Paul Krugman, that Keynesian dinosaur whose reassembled fossils can be viewed at the New York Times, delivers a plethora of straw men against the tea party and Paul Ryan. Sure, he had some solid points about GOP hypocrisy on Medicare, but Krugman has plenty of contradictions of his own.
Early in, he subtly suggests that Paul Ryan may have stricken a racial nerve with his comment “culture, in our inner cities in particular, of men not working and just generations of men not even thinking about working”. At no point did Ryan mention race, but that didn’t stop Krugman from slowly drawing the race card. Unlike the shameless race baters on MSNBC, Krugman held back and started to remove the race card with this statement – “Just to be clear, there’s no evidence that Mr. Ryan is personally a racist, and his dog-whistle may not even have been deliberate.” But that was simply part of Krugman’s deception. He wants the reader, including me, to let his guard down. I certainly did. I thought, “Well, I’m glad Krugman has the decency not to turn every statement from the GOP into a race slur.”
Boy was I wrong! Krugman was just getting me right where he wanted me – at ease, with a little respect for a column from one I generally disagree with. Well, civil disagreement is not Krugman’s style. Civil disagreement is for those who have a position that can stand on its own merits, not for a tired Keynesian race-bater stuck in the 1970s. Just when I thought Krugman was being reasonable, he had this to say – “And Mr. Ryan’s black-men-don’t-want-to-work theory of poverty is decades out of date.” Oh, so despite admitting that there is no evidence that Ryan is a racist, and despite admitting that he may have had no idea that what he said could be interpreted as racist, Krugman went on to accuse him of a racist position anyway. Seriously Krugman?!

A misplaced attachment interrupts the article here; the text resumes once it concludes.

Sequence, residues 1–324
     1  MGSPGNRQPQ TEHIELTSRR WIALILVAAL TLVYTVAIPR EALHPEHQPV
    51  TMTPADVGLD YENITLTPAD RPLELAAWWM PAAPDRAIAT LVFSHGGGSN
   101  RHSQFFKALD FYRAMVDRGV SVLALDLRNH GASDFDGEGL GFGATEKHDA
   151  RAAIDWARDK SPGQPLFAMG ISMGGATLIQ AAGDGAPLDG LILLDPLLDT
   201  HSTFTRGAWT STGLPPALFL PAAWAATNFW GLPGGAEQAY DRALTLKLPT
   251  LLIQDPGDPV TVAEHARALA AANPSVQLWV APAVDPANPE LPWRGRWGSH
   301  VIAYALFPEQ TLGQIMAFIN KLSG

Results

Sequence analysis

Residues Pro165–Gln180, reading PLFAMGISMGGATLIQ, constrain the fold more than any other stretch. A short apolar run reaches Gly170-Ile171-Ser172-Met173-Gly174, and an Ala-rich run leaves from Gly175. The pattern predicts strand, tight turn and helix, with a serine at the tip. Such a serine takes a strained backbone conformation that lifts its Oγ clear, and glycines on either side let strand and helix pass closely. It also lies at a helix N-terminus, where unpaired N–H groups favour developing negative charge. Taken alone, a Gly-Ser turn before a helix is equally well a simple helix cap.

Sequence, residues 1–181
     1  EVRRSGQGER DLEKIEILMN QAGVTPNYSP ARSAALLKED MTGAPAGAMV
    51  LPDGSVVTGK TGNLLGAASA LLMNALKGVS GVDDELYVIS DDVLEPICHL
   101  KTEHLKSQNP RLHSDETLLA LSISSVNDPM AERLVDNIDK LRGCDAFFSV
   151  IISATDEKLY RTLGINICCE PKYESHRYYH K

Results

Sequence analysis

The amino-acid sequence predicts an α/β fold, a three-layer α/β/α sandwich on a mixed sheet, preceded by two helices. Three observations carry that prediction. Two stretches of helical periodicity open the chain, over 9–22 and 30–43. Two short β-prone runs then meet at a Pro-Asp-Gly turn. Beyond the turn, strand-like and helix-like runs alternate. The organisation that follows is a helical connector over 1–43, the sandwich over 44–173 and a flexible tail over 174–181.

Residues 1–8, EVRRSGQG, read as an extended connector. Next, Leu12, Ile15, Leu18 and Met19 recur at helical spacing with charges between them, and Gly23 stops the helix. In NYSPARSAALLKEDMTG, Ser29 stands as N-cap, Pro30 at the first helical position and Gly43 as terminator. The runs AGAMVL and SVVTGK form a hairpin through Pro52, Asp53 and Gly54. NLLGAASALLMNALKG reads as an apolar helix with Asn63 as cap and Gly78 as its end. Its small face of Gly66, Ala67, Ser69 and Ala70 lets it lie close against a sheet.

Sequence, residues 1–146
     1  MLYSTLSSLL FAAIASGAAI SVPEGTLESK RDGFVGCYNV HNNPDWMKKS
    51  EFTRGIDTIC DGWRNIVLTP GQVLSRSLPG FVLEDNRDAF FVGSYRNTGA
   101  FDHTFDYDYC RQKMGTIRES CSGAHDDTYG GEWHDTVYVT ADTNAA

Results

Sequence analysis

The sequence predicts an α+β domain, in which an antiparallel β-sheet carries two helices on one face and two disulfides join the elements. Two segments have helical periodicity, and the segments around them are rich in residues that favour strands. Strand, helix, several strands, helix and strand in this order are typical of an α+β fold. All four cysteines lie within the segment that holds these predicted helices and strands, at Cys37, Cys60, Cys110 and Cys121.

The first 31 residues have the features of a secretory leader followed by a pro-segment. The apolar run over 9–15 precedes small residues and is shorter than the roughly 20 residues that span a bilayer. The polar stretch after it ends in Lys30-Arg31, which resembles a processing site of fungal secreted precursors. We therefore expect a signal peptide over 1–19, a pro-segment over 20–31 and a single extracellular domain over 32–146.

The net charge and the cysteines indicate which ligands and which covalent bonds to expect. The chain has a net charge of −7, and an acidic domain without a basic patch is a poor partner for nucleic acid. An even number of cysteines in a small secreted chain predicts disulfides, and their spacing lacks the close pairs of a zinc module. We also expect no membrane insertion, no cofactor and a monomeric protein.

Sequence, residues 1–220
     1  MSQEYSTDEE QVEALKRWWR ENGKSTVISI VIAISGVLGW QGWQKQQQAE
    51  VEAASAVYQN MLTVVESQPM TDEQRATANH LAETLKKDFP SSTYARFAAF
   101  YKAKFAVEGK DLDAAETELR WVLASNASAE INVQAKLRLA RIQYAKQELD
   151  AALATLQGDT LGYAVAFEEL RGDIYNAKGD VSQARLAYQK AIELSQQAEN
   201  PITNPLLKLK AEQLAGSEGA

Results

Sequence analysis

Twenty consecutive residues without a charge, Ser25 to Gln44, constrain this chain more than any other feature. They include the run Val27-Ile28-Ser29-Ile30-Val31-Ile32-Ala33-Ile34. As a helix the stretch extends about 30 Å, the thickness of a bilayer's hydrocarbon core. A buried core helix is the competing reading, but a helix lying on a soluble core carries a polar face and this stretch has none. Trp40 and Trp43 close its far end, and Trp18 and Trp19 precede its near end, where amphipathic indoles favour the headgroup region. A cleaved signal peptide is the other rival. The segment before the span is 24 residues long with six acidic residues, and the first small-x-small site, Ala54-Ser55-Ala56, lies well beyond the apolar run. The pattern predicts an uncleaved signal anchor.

If that’s not bad enough, he horribly misrepresented the Tea Party movement.
“The Tea Party in particular, oppose handouts because they believe in personal responsibility, in a society in which people must bear the consequences of their actions. Yet it’s hard to find angry Tea Party denunciations of huge Wall Street bailouts, of huge bonuses paid to executives who were saved from disaster by government backing and guarantees.”
I have seen some corporate stooge versions of the Tea Party, but the proper Tea Party is more opposed to corporate welfare than they are to welfare for the poor and middle class. The early Tea Party demonstrations, pre-dating the Santelli rant of 2009, were in opposition to Bush’s bailouts of the big banks, which led to TARP. I’ll post a link below to one off the early Tea Party demonstrations. It was a Ron Paul rally, and you’ll be able to see several crates, labelled with policies they oppose. Included in these are the bailouts. Either Krugman has been watching too much MSNBC, or he is just being dishonest.
News coverage of some of the early Tea Party rallies: